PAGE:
Yes. Tor acts as a filter in a way, encrypting and pumping into the tor network any communications sent through its proxy port of 127.0.0.1:9150. Any browser using this port correctly will have its connection torified, and check.torproject.org will show a green onion if the browser is configured correctly.
Warning: Tor will only torify connections sent to ...
One technique is to firewall your computer off so it can only communicate through Tor, and then use the application, watching your firewall logs.
Set up a Tor bridge on another host in your network/on the internet.
Boot your client/testing machine from a LiveCD.
Install Tor on your client, have it point to the bridge.
Use a firewall such as shorewall or ...
Proxy SwitchySharp supports SOCKS.
Here's an article on How to browse the web anonymously with Google Chrome in Linux that covers configuration in detail.
Note that there are some security holes when using this method to browse via Tor in Chrome, including but possibly/probably not limited to:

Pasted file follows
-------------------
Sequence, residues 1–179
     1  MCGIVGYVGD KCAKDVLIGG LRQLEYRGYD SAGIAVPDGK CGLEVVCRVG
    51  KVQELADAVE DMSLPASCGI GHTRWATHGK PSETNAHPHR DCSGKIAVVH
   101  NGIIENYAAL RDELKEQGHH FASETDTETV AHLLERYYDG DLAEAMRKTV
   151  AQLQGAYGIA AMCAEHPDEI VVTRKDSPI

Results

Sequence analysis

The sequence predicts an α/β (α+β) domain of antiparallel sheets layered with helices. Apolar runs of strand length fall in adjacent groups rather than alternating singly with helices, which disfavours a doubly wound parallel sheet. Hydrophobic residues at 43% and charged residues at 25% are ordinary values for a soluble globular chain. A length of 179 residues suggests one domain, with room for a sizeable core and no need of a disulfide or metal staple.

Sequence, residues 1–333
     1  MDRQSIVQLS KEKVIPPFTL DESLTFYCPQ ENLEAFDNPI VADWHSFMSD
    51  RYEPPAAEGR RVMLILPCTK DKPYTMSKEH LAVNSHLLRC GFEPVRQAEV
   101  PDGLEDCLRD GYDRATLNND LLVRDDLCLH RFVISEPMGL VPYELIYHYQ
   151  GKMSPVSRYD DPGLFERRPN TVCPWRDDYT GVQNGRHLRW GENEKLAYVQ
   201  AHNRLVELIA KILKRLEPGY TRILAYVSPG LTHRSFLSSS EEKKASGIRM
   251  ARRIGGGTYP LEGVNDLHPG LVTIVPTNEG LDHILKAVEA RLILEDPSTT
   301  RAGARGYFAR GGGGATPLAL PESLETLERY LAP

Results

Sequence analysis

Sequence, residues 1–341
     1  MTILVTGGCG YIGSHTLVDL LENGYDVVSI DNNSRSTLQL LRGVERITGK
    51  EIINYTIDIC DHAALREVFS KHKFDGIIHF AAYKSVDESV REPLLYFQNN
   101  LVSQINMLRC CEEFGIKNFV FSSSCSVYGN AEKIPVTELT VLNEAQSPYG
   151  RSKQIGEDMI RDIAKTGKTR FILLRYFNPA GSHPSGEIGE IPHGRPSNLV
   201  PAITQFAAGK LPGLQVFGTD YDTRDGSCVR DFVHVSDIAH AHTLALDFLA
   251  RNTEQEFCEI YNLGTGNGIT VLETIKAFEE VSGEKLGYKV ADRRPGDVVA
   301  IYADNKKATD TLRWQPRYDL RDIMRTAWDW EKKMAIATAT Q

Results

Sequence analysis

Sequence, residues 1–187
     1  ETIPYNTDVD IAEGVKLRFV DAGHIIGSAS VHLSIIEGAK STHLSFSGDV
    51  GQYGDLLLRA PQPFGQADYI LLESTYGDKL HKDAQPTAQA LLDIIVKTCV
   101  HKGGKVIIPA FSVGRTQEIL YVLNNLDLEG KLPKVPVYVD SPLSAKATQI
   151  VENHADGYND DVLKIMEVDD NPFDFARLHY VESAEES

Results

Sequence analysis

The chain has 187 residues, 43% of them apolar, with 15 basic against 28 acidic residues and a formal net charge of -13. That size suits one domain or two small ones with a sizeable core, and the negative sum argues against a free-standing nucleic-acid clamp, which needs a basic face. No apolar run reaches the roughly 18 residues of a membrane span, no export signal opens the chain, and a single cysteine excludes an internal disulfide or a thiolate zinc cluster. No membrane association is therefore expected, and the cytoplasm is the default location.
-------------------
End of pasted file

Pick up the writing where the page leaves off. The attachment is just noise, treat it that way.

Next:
By default your DNS lookups will leak.
To avoid this you must ...
As @cacahuatl said you can use that switch, if you want it to be permanent go to /etc/tor/torrc (This is the path for tor config file in Ubuntu and Debian), open it with your favorite text editor and add HTTPTunnelPort 9080 at the end of the file, reset tor service with this command:
sudo service tor restart
and you're done.
I've just tested this in a CrunchBang 11 x64 VM. It should work in Ubuntu and the rest of the Debian family. First install Wireshark, by opening a terminal and running these commands:
sudo apt-get update
sudo apt-get dist-upgrade
sudo apt-get install wireshark
To configure wireshark to allow a non-root user to sniff packets, run
You can try out commenting all SocksPorts and ControlPorts, then setting SocksPort 0 and ControlPort 0 in torrc. When Tor is able to connect, then there is a chance, although it requires programming skills. Socks is just an interface for browsers (TBB's Firefox) to communicate with Tor. If you (or pay someone) could teach Tor and Firefox to communicate using ...
Unfortunately, neither method is completely foolproof.